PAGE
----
A decision theoretic and prototype conceptualization of possible selves: Implications for the prediction of risk behavior

Shannon L. Quinlan, James Jaccard, Hart Blanton

Research output: Contribution to journalReview article

Abstract

The present study explores a new framework for conceptualizing possible selves for the prediction of behavior. The framework uses decision theory, attitude theory, and classic expectancy-value models. The focus is on using possible-self constructs that (a) correspond to behavioral alternatives, (b) focus on self dimensions directly tied to the behavioral criterion, and (c) use expectancy-value constructs to assess the core features of a given possible self-dimension. A study of 305 college students was undertaken to predict alcohol use from possible self constructs using the framework. Results affirmed the utility of the approach, showing that possible-self constructs predicted behavior over and above current self-image and constructs in the Theory of Planned Behavior. Possible-self constructs associated with negative attributes of both binge drinkers and nonbinge drinkers were predictive of behavior.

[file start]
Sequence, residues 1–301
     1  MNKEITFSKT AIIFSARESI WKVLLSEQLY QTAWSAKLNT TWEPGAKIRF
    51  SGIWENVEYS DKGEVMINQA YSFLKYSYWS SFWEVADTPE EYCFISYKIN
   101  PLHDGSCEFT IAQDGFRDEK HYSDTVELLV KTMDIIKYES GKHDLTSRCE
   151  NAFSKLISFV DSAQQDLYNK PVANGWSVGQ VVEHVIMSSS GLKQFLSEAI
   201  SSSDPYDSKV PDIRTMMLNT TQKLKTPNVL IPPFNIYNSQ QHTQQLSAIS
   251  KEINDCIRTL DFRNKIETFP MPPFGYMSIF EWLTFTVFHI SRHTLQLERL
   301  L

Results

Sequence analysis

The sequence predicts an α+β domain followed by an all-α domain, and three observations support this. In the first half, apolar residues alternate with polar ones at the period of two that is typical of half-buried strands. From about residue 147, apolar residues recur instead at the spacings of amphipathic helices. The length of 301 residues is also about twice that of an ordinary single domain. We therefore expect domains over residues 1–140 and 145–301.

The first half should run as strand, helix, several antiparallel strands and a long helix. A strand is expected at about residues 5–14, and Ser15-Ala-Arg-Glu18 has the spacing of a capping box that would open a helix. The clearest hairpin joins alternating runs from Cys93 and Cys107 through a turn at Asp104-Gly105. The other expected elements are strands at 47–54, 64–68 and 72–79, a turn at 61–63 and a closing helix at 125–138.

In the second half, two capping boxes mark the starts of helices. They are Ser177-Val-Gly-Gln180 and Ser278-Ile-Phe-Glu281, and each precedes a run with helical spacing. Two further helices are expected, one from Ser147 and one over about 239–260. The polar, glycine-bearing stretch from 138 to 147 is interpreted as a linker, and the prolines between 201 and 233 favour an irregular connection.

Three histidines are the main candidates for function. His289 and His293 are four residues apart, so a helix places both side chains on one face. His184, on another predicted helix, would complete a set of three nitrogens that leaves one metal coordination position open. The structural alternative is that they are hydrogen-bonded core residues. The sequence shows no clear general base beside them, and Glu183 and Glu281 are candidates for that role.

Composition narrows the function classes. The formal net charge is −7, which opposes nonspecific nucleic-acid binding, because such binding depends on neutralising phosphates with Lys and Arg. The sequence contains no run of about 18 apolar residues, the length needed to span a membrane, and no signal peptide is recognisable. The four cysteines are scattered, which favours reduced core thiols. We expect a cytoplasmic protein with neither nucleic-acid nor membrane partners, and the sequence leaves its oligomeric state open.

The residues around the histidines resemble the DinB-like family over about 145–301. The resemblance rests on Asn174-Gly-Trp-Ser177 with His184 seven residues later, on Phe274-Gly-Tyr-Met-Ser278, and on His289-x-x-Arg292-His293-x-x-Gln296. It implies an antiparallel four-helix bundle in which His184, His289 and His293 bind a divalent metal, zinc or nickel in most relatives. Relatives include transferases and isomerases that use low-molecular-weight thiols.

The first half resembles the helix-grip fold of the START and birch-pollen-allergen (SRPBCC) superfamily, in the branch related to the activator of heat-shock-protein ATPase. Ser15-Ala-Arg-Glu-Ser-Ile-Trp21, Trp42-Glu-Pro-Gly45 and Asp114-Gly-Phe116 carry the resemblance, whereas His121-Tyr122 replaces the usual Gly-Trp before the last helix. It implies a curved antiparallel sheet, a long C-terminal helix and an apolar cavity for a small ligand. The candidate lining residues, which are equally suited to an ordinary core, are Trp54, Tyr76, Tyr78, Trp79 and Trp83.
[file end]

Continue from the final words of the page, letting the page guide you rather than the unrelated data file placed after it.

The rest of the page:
Original languageEnglish (US)
Pages (from-to)599-630
Number of pages32
JournalJournal of Personality
Volume74
Issue number2
DOIs
StatePublished - Apr 2006

ASJC Scopus subject areas

  • Social Psychology

Fingerprint Dive into the research topics of 'A decision theoretic and prototype conceptualization of possible selves: Implications for the prediction of risk behavior'. Together they form a unique fingerprint.

  • Cite this